Through the day, crowds of demonstrators faced off with lines of police officers, or broke into businesses and stole merchandise. Patrol cars were battered and set ablaze, and several businesses burned into the night. The huge crowds gradually dissipated, but officers still pursued scattered groups and individuals.

On Friday night, protesters rampaged through the downtown late at night, smashing windows and robbing jewelry and other stores. Police arrested 533 people.

Today, a mostly peaceful demonstration early in the day devolved in the afternoon when protesters set several Police Department cars on fire, broke store windows and climbed on top of a bus. Police used batons to move protesters back and shot rubber bullets to scatter the crowd.

The demonstration came hours

after LAPD Chief Michel Moore appealed for peaceful protest.

“I am asking for all of Los Angeles to come together and find the ability to peacefully express individual and collective grievances while also maintaining the safety of all of Angelenos,” he said.

Garcetti initially imposed a curfew on the downtown area. But he quickly expanded it to the entirety of the city as the violence focused on an area about 6 miles (9.6 kilometers) to the west.

Everyone was ordered to be off the streets from 8 p.m. to 5:30 a.m.

Adjacent Beverly Hills and West Hollywood followed as demonstrations spread into those cities. Other cities in the county also began imposing curfews.

“We cannot allow this city to spiral into anarchy,” Moore told ABC7 at the scene of one clash.

Social media video posts showed marchers chanting “Eat the rich” in Beverly Hills, where a crowd broke into a high-end boutique and fled with merchandise.

The governor said earlier that authorities were closely monitoring organizing by violent extremist groups who may be trying to use the protests for their own agendas.

“To those who seek to exploit Californians’ pain to sow chaos and destruction, you are not welcome,” he said. “Our state and nation must build from this moment united and more resolved than ever to address racism and its root causes.”

In Oakland, 13 officers were injured late Friday as demonstrators hurled objects at them. A federal contract security officer was killed and another critically injured when a vehicle pulled up to the Ronald V. Dellums Federal Building and someone opened fire. The officers guard the U.S. courthouse as part of their regular duties and were monitoring the protest, Department of Homeland Security officials said.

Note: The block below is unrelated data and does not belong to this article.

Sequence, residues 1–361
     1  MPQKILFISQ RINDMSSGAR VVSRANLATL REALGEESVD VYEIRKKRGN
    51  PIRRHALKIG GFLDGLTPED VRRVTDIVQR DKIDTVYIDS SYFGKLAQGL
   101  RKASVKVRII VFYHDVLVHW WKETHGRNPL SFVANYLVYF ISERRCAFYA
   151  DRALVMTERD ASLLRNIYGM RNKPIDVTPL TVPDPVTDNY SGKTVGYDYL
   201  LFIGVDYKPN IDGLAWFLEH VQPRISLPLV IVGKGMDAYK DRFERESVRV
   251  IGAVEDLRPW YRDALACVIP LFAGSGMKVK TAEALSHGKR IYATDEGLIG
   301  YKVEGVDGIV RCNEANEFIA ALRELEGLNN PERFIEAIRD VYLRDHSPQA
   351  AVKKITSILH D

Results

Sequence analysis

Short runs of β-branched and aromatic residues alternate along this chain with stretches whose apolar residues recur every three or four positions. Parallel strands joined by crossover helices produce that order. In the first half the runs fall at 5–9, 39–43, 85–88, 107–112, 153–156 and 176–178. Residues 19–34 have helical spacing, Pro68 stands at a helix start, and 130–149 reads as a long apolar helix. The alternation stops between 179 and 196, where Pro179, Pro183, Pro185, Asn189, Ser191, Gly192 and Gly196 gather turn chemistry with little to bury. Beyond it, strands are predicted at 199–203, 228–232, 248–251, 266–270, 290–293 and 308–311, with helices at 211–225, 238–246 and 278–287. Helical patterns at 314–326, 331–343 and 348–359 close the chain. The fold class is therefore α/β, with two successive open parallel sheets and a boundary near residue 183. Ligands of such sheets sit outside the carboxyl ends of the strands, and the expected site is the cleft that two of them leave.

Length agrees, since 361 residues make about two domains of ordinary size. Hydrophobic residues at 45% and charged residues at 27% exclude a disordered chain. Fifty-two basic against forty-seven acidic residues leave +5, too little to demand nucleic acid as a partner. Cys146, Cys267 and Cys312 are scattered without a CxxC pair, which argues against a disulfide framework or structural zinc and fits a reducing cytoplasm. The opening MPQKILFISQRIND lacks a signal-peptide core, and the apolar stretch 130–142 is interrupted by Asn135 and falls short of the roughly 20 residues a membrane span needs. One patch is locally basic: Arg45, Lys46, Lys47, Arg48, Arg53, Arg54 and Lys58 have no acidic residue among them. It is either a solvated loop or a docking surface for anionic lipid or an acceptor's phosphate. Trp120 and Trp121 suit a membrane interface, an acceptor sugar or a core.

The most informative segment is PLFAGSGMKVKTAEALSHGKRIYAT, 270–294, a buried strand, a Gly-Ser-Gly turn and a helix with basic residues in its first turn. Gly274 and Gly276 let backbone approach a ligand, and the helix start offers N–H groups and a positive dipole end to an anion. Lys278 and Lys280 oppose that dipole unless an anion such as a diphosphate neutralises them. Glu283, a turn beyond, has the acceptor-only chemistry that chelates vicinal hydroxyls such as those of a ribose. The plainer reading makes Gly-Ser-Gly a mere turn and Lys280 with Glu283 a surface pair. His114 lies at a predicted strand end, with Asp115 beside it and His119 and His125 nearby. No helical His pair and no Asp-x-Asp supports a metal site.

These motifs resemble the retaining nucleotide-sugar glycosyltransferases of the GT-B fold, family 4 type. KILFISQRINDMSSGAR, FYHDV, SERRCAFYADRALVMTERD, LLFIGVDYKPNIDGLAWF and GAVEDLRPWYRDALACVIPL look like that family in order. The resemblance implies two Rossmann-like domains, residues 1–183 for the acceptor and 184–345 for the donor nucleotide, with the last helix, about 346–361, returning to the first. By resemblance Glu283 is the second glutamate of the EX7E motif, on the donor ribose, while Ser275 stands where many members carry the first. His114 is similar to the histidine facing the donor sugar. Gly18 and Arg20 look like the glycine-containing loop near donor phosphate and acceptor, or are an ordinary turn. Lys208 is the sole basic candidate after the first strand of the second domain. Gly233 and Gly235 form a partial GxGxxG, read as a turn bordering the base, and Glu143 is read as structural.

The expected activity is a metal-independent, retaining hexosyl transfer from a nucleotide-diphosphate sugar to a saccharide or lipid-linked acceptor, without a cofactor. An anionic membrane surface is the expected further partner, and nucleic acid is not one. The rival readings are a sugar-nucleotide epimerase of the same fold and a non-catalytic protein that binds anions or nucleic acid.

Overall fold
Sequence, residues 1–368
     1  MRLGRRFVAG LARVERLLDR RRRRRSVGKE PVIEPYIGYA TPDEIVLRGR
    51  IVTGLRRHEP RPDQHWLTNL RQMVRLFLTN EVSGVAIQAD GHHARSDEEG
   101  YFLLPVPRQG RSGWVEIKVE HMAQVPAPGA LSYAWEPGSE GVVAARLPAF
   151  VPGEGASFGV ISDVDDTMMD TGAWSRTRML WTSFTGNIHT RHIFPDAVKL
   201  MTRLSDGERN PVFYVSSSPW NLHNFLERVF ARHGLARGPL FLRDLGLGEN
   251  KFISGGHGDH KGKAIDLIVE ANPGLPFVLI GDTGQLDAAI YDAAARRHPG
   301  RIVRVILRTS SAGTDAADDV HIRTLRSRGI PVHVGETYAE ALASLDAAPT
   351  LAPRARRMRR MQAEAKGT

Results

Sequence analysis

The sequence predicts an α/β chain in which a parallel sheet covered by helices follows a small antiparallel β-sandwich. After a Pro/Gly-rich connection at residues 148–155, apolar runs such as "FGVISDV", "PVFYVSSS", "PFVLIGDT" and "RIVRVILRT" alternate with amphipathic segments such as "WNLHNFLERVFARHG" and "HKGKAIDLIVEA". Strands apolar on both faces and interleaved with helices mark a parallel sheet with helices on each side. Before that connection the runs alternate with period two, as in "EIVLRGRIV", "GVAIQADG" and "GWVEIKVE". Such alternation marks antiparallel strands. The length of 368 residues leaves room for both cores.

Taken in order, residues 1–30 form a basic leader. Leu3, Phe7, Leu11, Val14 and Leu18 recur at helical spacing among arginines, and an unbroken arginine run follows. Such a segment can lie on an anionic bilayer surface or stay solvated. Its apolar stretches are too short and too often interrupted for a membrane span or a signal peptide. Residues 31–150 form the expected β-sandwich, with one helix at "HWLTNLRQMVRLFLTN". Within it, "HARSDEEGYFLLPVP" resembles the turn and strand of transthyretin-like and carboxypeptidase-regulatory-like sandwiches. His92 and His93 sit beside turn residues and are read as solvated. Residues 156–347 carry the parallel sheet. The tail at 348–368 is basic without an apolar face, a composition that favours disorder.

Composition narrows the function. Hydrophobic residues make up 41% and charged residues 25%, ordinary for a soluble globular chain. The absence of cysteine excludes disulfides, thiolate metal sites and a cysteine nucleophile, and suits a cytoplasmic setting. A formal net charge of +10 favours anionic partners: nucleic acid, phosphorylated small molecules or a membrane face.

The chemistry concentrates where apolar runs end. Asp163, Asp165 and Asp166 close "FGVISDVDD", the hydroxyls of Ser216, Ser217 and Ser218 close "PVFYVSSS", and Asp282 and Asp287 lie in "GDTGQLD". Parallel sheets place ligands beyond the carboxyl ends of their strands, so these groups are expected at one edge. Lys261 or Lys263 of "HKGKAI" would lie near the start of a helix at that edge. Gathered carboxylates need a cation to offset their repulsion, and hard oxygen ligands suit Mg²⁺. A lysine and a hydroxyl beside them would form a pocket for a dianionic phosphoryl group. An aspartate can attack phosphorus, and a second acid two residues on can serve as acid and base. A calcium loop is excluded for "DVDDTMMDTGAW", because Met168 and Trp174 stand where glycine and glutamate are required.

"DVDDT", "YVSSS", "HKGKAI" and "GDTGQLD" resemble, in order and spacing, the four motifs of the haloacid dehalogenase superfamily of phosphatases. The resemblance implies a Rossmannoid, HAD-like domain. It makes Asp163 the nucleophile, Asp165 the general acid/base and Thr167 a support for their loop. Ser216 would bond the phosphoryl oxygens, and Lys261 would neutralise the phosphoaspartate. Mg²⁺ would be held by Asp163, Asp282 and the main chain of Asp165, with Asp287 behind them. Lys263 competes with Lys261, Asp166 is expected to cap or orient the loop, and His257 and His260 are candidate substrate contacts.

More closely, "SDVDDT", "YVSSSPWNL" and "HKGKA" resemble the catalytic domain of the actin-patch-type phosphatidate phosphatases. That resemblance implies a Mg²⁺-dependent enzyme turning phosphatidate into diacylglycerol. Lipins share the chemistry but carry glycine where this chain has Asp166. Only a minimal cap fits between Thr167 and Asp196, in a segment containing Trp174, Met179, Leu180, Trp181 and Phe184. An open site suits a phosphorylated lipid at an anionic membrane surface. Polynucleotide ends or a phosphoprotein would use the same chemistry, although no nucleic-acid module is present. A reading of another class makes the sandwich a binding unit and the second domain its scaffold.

It wasn’t immediately known whether the shooter had anything to do with the protest.

The death of the 46-year-old Floyd, who was recorded on video pleading for air as a white Minneapolis officer pressed a knee on his neck, has shocked the country and produced violence in numerous citie s. Police chiefs and police unions have called it unjustifiable and excessive force. The officer has been charged with murder.

In the San Francisco Bay Area, protests in Oakland and San Jose grew increasingly tense and confrontational Friday night. Small fires were set inside a Walgreens and a Mercedes-Benz dealership on Oakland’s auto row, where several cars were smashed and spray-painted with graffiti. City officials said more than 70 businesses were vandalized.

“This is not who we are,” Mayor Libby Schaaf said in a videotaped statement today. “We must fight the travesty of racism, but we must do it in a way that works. Let’s not destroy or harm our own community.”

In San Jose, a Santa Clara County Sheriff’s deputy fired at an SUV that attempted to drive through a group of protesters, striking two of them while attempting to make a U-turn, the East Bay Times reported.

Police in both cities fired tear gas and flash-bang grenades to break up unruly crowds.

Oakland police said in a preliminary report that at least 18 people were arrested and another 60 detained for investigation of stealing.

In Sacramento, nine police officers sustained minor injuries at a protest that drew about 500 people.